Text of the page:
Chicago drops first of two with Toronto

Chicago drops first of two with Toronto

CHICAGO -- A rarity took place following the Blue Jays' 3-1 victory over the White Sox in the afternoon portion of Tuesday's split doubleheader played at U.S. Cellular Field.

Ozzie Guillen, who never met a reporter's notebook he couldn't fill with highly entertaining and astute quotes or an interview he thought for a second about shying away from, chose not to speak about his team's second straight setback. No reason was given, other than the White Sox manager would talk with the media after Tuesday's nightcap.

The rare silence from Guillen might have served as an official cooling off period, coming on the heels of an especially frustrating defeat in the heat of battle with the Twins for the American League Central title.

Blue Jays starter A.J. Burnett (17-10) didn't give the White Sox (80-63) many opportunities during the makeup of Monday's postponed contest.

And when the White Sox did have a chance to score, they didn't execute. It all added up to a ninth straight victory for the surging Blue Jays (77-66) and a 5-0 record for Toronto against Chicago in 2008. The Jays have outscored the Sox by a 15-6 margin this season and held them to a .118 average and fewer than three runs scored in every game.

"It has been a challenge against these guys," said White Sox catcher A.J. Pierzynski. "We haven't won a game against them, and they always seem to pitch really well against us."

"We had some opportunities throughout that game," Chicago left fielder Nick Swisher added. "We just couldn't pull through when we needed it the most."

Although the White Sox managed just two singles in the game, and one of the questionable variety, they had scoring chances, as Swisher mentioned. The first two men reached base in the third inning, only to have Juan Uribe miss on a sacrifice-bunt attempt and eventually strike out. Burnett emerged unscathed by striking out Orlando Cabrera and retiring Pierzynski on a ground ball to shortstop John McDonald.

Cabrera led off the sixth with the team's first hit off Burnett, but he was forced out at second when Pierzynski tried to bunt for a hit. Cabrera walked to open the eighth, but he once again was forced out when reliever Scott Downs pounced on Pierzynski's sacrifice attempt and fired a strike to second.

"I pride myself on being able to get that bunt down," a frustrated Pierzynski said. "When I bunted it, I thought it was a pretty good bunt, and the guy made a great play. He got off the mound pretty fast, and if I'm catching, I'm calling, 'One, one, one.' He made a great play, so tip your hat to that guy."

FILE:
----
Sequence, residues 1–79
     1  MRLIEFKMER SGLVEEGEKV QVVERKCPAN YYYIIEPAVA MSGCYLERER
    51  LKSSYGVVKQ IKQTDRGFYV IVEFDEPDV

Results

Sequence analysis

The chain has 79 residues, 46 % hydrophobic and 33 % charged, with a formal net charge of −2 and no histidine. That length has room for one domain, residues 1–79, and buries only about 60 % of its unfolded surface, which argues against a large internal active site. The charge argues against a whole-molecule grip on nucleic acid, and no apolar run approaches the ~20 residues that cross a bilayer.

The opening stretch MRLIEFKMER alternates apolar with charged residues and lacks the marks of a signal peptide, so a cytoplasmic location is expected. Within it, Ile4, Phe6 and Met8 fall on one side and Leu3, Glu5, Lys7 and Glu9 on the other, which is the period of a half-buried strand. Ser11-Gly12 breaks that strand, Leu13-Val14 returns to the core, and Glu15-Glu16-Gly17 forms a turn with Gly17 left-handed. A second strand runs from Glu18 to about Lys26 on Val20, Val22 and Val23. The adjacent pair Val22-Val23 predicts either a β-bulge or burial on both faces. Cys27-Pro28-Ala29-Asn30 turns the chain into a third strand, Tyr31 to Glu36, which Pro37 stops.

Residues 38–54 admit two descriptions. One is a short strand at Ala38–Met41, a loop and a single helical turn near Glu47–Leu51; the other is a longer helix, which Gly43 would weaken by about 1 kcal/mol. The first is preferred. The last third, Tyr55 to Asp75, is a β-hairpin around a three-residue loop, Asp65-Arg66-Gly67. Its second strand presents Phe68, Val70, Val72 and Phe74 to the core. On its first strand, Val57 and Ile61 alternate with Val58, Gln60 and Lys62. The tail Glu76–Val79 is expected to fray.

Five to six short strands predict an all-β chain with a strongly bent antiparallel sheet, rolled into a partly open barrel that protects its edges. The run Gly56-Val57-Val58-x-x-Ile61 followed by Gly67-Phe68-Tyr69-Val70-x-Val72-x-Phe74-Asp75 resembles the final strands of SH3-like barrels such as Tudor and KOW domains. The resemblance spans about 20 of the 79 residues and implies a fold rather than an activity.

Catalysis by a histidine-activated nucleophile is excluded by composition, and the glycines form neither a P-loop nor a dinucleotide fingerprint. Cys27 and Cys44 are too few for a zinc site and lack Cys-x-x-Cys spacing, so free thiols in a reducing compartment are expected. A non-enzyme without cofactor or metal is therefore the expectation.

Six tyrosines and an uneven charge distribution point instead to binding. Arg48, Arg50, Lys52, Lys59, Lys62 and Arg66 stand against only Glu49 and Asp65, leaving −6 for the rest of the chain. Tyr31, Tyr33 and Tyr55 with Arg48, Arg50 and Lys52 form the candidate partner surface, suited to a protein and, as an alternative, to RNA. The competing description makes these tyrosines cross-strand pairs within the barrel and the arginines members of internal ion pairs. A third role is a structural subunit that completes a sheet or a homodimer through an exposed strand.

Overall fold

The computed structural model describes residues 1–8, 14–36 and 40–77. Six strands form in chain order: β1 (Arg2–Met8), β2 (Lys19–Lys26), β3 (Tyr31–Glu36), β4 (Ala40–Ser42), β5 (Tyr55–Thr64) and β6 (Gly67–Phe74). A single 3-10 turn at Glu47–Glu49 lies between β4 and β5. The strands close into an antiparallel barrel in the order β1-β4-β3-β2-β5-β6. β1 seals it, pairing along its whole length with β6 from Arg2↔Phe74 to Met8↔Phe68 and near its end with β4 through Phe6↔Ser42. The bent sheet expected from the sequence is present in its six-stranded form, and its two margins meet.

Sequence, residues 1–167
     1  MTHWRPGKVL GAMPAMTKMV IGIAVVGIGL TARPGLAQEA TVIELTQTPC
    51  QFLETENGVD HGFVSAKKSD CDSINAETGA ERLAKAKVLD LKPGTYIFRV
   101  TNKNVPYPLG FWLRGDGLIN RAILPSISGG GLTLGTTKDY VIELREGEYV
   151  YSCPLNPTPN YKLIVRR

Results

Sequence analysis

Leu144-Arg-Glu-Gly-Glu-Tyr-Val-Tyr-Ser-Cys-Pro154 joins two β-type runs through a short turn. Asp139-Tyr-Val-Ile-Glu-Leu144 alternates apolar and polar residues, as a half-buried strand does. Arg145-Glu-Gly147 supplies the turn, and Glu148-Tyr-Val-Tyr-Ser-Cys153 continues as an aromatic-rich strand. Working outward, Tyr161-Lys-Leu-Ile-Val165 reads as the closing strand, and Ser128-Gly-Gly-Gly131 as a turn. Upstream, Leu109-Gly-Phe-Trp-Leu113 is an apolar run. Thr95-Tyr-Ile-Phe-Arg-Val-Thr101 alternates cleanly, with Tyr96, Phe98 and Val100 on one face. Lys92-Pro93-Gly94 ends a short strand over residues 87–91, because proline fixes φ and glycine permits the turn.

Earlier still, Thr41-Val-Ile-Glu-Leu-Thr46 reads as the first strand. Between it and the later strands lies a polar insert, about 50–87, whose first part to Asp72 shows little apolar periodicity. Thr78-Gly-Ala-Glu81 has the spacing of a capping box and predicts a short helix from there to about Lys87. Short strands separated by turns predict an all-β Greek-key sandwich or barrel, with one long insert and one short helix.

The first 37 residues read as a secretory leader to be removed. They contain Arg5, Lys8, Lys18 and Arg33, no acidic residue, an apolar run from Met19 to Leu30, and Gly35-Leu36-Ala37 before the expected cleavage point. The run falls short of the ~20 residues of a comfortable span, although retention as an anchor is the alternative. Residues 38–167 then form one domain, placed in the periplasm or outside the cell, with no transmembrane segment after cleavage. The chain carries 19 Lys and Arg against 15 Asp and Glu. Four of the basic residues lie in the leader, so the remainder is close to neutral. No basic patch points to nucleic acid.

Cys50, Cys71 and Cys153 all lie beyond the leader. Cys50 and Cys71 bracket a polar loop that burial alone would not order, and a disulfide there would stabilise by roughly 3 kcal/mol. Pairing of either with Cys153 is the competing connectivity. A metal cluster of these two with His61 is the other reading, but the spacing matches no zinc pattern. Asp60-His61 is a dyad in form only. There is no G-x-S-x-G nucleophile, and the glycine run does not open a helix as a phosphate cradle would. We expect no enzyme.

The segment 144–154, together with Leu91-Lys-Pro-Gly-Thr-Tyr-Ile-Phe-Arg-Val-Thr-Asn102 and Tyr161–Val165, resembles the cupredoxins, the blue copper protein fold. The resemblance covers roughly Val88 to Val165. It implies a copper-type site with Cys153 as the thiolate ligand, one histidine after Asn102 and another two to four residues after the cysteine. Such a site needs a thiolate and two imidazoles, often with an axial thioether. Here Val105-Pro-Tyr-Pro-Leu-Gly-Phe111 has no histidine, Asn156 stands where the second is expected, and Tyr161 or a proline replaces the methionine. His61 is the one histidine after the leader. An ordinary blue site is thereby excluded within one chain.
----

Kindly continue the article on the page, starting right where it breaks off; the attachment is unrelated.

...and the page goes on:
Jermaine Dye followed with a single to center, which might have scored the tying run. But Jim Thome's double play ended the inning. Toronto closer B.J. Ryan (28th save) walked Paul Konerko and Ken Griffey Jr. to open the ninth, but Alexei Ramirez missed on a one-strike bunt attempt and eventually struck out. Swisher struck out looking, and Uribe grounded out to Ryan to end the game.

White Sox starter Javier Vazquez dropped to 11-13 despite allowing two runs on five hits over six innings.

"We can't get too down," Pierzynski said. "We have another game to play [today] and 19 more the rest of the season, so we'll try to win all of those. But it's frustrating because we had a couple of chances. Things happen, and you have to move on."

"There are little parts that add up to a loss or a win," Konerko added. "We were knocking on the door all day; we just couldn't get it done. It's frustrating, but we've go to put it behind us."

Dye's single avoided a mini controversy involving the call on Cabrera's sixth-inning single. That could have been ruled an error, as it hopped over the glove of third baseman Scott Rolen. The Blue Jays seemed to support the call.

"On turf, Rolen probably catches that ball," Toronto manager Cito Gaston said. "But it was hit pretty hard. I would say it was a hit. A few other guys had some bad hops out there today."

Guillen probably would have weighed in on this somewhat controversial matter. That particular analysis will have to wait until the nightcap has come to a close.

Scott Merkin is a reporter for This story was not subject to the approval of Major League Baseball or its clubs.